Greek Nationals in England, 1400-1705

Alan Haynes describes how, for just over three centuries, Greek visitors often settled in England and associated with its clerics and learned men.

The history of English enthusiasm for Greece and the Greek islands is well documented, but the activities of Greeks in England are less well known, though there are now substantial Greek communities in a number of English cities. The earliest recorded arrivals came with Theodore of Tarsus in the seventh century when the saintly ecclesiastic, who was educated in Athens, came to England to be Archbishop of Canterbury.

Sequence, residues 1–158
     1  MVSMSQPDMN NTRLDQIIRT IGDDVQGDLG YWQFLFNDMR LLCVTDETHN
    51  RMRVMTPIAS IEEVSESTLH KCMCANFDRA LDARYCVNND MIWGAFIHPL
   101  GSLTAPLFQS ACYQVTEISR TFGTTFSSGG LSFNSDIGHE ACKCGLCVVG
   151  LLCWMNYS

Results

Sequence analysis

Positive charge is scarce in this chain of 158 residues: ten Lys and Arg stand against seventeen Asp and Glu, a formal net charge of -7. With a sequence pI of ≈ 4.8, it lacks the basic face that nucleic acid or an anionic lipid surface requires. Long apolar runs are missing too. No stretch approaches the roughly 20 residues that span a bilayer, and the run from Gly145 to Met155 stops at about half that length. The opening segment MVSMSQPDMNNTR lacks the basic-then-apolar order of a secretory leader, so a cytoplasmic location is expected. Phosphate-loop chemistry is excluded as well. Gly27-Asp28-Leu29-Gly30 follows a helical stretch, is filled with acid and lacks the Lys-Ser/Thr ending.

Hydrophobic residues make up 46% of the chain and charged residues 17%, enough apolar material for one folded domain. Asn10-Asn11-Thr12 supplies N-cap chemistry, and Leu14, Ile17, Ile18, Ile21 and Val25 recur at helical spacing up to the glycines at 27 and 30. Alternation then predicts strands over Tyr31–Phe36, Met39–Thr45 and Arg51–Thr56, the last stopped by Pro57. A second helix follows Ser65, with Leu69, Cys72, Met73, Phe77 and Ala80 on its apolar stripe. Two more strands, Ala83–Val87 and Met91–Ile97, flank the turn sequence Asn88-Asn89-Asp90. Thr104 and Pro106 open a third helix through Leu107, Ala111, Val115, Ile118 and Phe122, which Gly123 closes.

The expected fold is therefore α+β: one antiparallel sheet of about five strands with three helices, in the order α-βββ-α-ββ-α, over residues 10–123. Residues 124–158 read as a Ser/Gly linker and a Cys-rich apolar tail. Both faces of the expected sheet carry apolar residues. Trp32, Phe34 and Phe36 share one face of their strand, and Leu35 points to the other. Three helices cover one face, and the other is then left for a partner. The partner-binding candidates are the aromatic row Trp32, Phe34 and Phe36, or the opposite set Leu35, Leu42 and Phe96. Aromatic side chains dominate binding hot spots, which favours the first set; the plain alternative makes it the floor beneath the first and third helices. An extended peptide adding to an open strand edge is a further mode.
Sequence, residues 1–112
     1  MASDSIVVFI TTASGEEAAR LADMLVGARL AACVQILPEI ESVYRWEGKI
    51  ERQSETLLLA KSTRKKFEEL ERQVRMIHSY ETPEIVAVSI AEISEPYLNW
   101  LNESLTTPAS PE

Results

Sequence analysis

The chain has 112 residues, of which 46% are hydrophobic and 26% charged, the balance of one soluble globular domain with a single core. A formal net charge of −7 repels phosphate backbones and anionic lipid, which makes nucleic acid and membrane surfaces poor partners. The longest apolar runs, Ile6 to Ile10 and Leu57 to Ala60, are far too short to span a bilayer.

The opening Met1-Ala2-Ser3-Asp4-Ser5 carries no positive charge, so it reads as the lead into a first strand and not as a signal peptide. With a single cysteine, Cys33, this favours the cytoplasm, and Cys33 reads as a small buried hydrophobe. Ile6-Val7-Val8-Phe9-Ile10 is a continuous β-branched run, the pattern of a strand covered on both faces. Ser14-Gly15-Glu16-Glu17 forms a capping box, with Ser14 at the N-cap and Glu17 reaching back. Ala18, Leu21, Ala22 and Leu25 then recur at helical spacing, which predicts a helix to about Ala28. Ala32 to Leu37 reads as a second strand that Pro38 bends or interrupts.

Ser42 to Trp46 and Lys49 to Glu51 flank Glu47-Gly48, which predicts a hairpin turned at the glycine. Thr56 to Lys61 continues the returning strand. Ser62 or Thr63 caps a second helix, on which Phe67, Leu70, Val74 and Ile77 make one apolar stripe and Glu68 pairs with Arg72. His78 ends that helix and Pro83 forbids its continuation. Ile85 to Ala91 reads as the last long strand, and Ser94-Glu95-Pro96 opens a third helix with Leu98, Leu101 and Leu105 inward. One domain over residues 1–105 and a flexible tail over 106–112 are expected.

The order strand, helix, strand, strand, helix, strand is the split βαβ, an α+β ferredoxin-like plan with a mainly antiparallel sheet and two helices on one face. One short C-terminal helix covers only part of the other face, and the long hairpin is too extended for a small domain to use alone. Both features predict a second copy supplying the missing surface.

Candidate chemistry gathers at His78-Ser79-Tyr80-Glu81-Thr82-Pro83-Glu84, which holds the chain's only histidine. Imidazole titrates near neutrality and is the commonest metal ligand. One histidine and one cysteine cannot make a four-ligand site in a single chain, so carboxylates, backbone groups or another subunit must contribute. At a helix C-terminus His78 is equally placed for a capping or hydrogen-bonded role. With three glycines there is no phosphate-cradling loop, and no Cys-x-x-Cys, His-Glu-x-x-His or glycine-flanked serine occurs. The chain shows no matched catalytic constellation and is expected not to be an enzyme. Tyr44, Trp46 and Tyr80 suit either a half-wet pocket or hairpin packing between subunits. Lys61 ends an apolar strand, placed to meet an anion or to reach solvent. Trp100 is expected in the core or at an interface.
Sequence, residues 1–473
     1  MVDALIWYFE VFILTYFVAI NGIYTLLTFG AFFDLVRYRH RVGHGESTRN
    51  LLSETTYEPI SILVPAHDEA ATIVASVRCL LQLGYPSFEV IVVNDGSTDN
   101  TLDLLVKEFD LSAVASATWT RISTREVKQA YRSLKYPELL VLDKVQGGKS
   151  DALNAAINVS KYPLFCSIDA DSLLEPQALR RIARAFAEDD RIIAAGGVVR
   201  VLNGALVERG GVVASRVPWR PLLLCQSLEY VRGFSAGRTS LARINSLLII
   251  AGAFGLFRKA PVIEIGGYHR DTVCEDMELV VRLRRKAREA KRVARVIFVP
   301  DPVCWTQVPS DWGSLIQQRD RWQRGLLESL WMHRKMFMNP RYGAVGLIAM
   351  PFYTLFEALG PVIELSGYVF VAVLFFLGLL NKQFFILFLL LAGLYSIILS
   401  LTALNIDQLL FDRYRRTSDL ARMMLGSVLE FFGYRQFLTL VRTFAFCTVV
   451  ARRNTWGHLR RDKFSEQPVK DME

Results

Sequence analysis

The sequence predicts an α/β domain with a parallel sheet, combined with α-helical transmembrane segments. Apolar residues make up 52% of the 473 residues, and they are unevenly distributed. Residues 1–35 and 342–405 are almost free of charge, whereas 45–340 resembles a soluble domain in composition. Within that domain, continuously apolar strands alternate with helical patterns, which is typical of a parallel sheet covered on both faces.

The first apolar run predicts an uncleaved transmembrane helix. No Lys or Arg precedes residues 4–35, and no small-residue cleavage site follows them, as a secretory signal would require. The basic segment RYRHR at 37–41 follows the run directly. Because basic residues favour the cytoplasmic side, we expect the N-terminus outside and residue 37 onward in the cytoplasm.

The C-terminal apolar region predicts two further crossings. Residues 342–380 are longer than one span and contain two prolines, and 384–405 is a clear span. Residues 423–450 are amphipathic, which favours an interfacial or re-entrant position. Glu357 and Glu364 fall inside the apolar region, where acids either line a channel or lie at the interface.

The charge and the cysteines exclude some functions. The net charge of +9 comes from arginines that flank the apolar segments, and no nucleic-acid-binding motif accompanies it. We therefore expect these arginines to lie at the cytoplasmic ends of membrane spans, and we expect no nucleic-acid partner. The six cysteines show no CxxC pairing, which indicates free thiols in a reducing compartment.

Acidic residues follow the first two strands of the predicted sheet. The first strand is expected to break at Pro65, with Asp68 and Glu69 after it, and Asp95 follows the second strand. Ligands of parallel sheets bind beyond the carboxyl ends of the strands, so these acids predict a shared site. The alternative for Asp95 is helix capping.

In the city he and Hadrian founded a centre for scholarship and the transmission of Greek learning. The experiment had no lasting influence, however, and for some time after the Norman Conquest a medieval student would have had great difficulty in finding a competent teacher of Greek. In the twelfth century a Greek or half Greek, surprisingly called Fitzstephen, wrote an account of England, and in the thirteenth century it appears possible that Roger Bacon learnt his Greek from native speakers, for he hints that they were invited here by Robert Grosseteste.

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